The Collected Works of Author and Blogger Larry Roberts

Archive for October, 2013

According to Wikipedia:  The American Dream is a national ethos of the United States, a set of ideals in which freedom includes the opportunity for prosperity and success, and an upward social mobility achieved through hard work. In the definition of the American Dream by James Truslow Adams in 1931, "life should be better and richer and fuller for everyone, with opportunity for each according to ability or achievement" regardless of social class or circumstances of birth. The idea of the American Dream is rooted in the United States Declaration of Independence which proclaims that "all men are created equal" and that they are "endowed by their Creator with certain inalienable Rights" including "Life, Liberty and the pursuit of Happiness.…[READ MORE]

Sometime in late 2011 or early 2012, lenders changed their internal policies regarding foreclosure processing on delinquent borrowers. Prior to that time, most major lenders, and in particular the GSEs, were processing foreclosures to reduce the level of shadow inventory and stop delinquent mortgage squatters from enjoying a free ride. Lenders were still slow at this processing, and the shadow inventory was enormous, but they were processing just the same. Lenders finally came to realize that continued foreclosure processing was providing a steady stream of distressed properties, and these distressed property sales were keeping prices down. They correctly reasoned that if they stopped foreclosure processing, they could greatly reduce the supply of must-sell distressed inventory and alleviate the pressure on…[READ MORE]

It's been called "sticker shock," but perhaps a more apt term would be "price revulsion." The cost of ownership rose so high so fast that buyers simply stopped buying. Between rising prices and rising interest rates, houses have reached the limit of affordability in many markets, and buyers are either unwilling or unable to push them any higher -- and which of those factors it is will determine what happens going forward. Housing bulls postulate buyers are merely adjusting to the new price levels, and probably next spring, they will be out in force to push the market even higher. In other words, they believe it's buyer choice that causing prices to flatten and sales volumes to plummet. Housing bears…[READ MORE]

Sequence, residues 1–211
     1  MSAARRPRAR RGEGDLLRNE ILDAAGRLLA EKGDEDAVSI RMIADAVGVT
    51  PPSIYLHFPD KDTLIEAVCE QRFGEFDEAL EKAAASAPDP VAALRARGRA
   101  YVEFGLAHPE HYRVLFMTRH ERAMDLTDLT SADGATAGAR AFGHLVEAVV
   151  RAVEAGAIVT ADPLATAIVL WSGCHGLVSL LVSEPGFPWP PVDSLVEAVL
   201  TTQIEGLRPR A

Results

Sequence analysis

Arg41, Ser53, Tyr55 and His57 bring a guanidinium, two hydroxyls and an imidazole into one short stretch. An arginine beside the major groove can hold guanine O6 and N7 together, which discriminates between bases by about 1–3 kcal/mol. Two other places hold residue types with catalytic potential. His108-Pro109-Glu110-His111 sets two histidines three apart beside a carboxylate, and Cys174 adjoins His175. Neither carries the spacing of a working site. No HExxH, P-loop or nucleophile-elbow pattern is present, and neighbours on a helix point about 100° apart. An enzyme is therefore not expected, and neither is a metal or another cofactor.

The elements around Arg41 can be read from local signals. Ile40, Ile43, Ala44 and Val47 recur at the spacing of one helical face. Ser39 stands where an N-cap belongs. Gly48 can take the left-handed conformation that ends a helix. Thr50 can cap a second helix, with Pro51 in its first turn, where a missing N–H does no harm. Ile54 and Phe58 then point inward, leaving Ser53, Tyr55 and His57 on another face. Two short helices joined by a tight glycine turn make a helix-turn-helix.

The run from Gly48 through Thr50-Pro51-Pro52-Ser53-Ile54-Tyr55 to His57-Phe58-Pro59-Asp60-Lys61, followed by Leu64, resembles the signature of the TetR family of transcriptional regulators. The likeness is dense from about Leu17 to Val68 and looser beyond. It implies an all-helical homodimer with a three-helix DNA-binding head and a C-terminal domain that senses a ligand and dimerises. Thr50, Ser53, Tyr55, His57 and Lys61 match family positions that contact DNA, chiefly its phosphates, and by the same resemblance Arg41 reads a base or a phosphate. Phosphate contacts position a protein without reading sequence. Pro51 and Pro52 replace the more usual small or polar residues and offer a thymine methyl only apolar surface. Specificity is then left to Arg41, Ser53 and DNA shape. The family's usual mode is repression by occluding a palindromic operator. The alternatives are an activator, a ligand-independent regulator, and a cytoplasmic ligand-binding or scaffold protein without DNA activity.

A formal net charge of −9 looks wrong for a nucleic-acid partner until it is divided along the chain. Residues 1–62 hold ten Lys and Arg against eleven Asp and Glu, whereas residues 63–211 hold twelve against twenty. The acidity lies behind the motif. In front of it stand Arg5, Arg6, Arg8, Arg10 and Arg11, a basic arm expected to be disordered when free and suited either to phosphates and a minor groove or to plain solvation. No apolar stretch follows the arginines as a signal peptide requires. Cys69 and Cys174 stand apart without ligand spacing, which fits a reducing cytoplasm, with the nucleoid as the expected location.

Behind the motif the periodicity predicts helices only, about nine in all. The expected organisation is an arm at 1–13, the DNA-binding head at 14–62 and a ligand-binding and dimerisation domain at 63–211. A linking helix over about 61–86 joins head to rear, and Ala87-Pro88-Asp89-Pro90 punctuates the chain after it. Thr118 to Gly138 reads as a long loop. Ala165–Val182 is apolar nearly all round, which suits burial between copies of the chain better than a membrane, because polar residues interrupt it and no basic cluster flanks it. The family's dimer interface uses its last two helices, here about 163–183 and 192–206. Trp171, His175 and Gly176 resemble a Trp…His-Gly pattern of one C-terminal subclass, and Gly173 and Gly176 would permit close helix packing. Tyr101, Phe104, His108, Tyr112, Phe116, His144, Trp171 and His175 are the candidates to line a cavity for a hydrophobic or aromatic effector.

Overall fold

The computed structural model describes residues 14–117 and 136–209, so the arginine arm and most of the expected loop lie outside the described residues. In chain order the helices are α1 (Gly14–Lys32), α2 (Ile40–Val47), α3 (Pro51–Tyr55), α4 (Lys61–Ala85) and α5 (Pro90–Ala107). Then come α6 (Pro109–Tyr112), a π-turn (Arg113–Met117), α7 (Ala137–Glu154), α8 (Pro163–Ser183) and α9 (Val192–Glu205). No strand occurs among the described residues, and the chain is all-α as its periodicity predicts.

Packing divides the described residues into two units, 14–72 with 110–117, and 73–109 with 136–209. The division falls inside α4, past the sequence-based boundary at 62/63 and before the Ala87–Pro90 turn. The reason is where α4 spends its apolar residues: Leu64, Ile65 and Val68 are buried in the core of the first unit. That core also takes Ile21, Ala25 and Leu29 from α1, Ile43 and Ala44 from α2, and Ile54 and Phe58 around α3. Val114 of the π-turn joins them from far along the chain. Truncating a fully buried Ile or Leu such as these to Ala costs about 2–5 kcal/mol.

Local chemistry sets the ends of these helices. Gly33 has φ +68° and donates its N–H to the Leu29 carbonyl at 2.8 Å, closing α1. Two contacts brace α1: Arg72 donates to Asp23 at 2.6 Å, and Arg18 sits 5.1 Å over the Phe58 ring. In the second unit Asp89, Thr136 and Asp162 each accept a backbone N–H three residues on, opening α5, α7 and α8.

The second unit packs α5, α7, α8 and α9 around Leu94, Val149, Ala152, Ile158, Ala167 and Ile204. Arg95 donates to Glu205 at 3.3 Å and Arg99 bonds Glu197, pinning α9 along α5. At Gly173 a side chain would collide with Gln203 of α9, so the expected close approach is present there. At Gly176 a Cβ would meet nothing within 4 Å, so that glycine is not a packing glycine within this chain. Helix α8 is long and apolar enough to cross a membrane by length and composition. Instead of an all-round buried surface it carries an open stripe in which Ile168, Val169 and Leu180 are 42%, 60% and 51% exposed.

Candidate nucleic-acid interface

Actions have consequences -- which is not to say that many bailout advocates want everyone to avoid these consequences -- but in the real world, the decisions we make impact our lives. When rational people make good decisions, they carefully consider the potential consequences of their actions. Bailouts that soften these consequences invariably leads to more high-risk behavior, poor decision making, and an increased sense of entitlement. I was an early advocate of strategic default, and as it turned out borrowers who strategically defaulted early on made the best choice. These early strategic defaulters recognized their shortest path to future home equity was to quit paying, wait the necessary penalty period, then buy again when prices were lower. Those that…[READ MORE]

We haven't inflated a new bubble yet on this cycle, but we have reached a point where we've fully reflated the old one in several markets. Today, I want to take a detailed look at the Irvine, California, housing market. Irvine is a good proxy for other desirable Coastal California markets. What's happening in Irvine is happening elsewhere. In a healthy housing market, the cost of ownership in Irvine exceeds the cost of renting by 15%. Much of Irvine is a move-up market, so people take their equity from a previous sale and bid prices up higher than rental parity. Just one year ago, Irvine was undervalued by nearly 25%. The cost of ownership was lower than the cost of…[READ MORE]

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